40th birthday reflections

40. I have started discovering grey hair and some wrinkles on my face, noticed my metabolism is not as dynamic and reliable as when I was gobbling up fast food in my 20s and observed that I speak my mind more and not take as much sh*t from anyone as I used to. I am now using anti-aging cream at night, make a conscious effort to make healthier choices when eating and faithfully do some kind of workout even after a long, tiring day. I also feel that I am more reflective and careful about what I say, but with more grit and conviction. I now make financial decisions based on my family’s future, instead of merely following my passions or doing something fun. I now prefer being alone, rather than going out and socializing with many different organizations I am part of. I savor each morning where I have 15 minutes to myself praying while having breakfast, after helping the kids get ready for school and before I head out to work. I value my marriage so much more now, seeing Tim not only as a guy who swept me off my feet and gave me a kind of a fairytale transition into this crazy life, but as an awesome, creative and loving father and a hardworking and principled human being who I am going to spend my life with forever.

40. I am grateful for every heartache, disappointment, rejection, depression and a lingering feeling of discontent (if I am doing enough) I have felt in my lifetime. In my quiet moments, I mindfully recall all the significant experiences that made me who I am today, for better or worse! I started a new job a few weeks ago - totally unrelated to the graduate program I painstakingly finished last year, but I realized how schizophrenic (for a lack of a better term) my career has been. I have switched roles so many times from teacher to graphic designer to editor to full time mother to yaya trainer and author and to other positions that require a high level of security clearance. I am grateful for the grace to flourish in whatever country we get assigned to, and to have the courage to reinvent myself so many, many times, even if I do menial jobs, never get promoted, get a fancy title or establish a career path.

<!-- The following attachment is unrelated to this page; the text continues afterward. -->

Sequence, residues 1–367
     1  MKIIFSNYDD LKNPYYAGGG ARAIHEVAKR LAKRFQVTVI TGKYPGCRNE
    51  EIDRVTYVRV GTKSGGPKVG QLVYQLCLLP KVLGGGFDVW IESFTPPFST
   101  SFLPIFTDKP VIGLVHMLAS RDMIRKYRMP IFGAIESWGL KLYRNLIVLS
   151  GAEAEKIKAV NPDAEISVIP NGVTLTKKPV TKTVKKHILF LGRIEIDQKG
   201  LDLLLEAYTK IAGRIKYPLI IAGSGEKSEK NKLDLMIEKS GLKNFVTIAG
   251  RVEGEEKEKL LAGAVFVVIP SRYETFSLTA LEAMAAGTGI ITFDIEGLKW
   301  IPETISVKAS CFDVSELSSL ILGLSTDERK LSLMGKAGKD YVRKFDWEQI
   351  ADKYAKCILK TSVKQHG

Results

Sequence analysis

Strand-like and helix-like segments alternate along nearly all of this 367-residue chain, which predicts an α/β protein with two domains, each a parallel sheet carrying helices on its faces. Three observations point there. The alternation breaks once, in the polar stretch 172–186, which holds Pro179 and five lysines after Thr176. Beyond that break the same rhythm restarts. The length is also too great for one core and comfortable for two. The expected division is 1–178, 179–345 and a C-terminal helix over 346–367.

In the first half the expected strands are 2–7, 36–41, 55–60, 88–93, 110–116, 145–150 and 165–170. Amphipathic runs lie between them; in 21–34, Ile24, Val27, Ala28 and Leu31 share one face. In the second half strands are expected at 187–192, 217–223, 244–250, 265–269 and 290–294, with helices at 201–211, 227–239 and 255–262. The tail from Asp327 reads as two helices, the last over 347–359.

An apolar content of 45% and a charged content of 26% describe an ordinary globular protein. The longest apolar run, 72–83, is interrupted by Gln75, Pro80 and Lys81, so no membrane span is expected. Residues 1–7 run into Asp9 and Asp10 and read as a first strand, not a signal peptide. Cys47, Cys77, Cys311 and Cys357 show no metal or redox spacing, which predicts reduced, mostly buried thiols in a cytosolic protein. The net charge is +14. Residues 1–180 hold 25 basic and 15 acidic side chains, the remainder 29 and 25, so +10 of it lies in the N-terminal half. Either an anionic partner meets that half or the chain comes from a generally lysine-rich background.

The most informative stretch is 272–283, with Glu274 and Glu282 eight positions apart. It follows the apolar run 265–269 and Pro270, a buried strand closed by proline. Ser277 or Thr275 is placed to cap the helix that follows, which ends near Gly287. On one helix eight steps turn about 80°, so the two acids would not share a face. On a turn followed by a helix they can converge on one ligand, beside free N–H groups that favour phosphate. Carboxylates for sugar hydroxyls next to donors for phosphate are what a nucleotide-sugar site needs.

I think of my parents who worked so hard to provide me and my siblings with the best education, even though they ran out of funds when I was in college. I am thankful for a college institution that recognized my potential and sent me to school for 4 years for free and didn’t ever pressure me to go back and work for them. I remember being torn between giving back to my benefactors by working for them or working for a dream project that would provide excellent education to the underserved. My benefactors unselfishly and proudly sent me off to work for the underprivileged, and now, 20 years later, we see that project’s success. I am thankful for all the wonderful teachers who listened to my endless rants, questions and frustrations about our country. I am thankful for bosses who believed in my abilities and pushed me to do more that what is expected of me, as I truly used all of the skills I thought I would never use, in my future work life.

I am thankful for all the people who love me - my family, Tim’s family, my friends, my former students, my former co-teachers and mentors - I know that even though we don’t see or talk to each other as often, I know you guys have my back. And although I have long wanted to delete Facebook from my life because of the sometimes toxic content and privacy issues, it is really my only window to feel at “home” even though I am so far away from everyone. Seeing all your stories of evolution, just like mine, makes me feel in touch, involved and loved.

40. I also know I am this age because the only people who knew it was my birthday today in Tokyo were Tim, Kevin and Nina (and my Pinoy choir here who sent me greetings). I ate lunch by myself at a Japanese soba place. I had tea and cookies from the cafeteria while studying Japanese. No fancy parties, surprises, cakes, celebrations, cards or greetings from anyone who physically see me here and it really didn’t matter. I had a nice Italian dinner with my family and got warm hugs and kisses. That’s really all I need.

P.S. During dinner, there was some live music and the vocalist sang “Moon River”. I told my family that that song reminded me of my Dad, and I am sad that I can’t share this birthday with him. Kevin stood up from his seat and gave me a big hug and said “Mommy, I hope you know that we love you and appreciate everything you do for us. I know that Lolo knows that”. Best feeling ever.